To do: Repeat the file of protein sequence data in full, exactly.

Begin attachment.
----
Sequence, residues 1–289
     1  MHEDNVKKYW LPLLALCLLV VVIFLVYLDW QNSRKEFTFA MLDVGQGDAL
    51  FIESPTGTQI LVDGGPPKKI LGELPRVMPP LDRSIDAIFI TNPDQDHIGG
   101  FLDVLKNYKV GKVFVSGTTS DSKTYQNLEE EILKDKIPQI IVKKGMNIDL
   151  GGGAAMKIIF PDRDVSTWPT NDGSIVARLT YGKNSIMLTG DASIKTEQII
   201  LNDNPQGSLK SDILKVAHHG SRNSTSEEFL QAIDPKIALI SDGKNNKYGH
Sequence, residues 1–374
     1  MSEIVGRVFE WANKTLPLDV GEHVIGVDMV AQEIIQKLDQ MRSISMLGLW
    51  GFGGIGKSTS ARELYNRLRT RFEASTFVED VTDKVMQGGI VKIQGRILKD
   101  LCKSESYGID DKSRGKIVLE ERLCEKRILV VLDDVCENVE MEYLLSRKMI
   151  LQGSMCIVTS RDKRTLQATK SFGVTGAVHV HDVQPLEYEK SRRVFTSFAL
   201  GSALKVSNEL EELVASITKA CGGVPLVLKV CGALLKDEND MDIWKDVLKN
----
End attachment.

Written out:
Sequence, residues 1–289
     1  MHEDNVKKYW LPLLALCLLV VVIFLVYLDW QNSRKEFTFA MLDVGQGDAL
    51  FIESPTGTQI LVDGGPPKKI LGELPRVMPP LDRSIDAIFI TNPDQDHIGG
   101  FLDVLKNYKV GKVFVSGTTS DSKTYQNLEE EILKDKIPQI IVKKGMNIDL
   151  GGGAAMKIIF PDRDVSTWPT NDGSIVARLT YGKNSIMLTG DASIKTEQII
   201  LNDNPQGSLK SDILKVAHHG SRNSTSEEFL QAIDPKIALI SDGKNNKYGH
Sequence, residues 1–374
     1  MSEIVGRVFE WANKTLPLDV GEHVIGVDMV AQEIIQKLDQ MRSISMLGLW
    51  GFGGIGKSTS ARELYNRLRT RFEASTFVED VTDKVMQGGI VKIQGRILKD
   101  LCKSESYGID DKSRGKIVLE ERLCEKRILV VLDDVCENVE MEYLLSRKMI
   151  LQGSMCIVTS RDKRTLQATK SFGVTGAVHV HDVQPLEYEK SRRVFTSFAL
   201  GSALKVSNEL EELVASITKA CGGVPLVLKV CGALLKDEND MDIWKDVLKN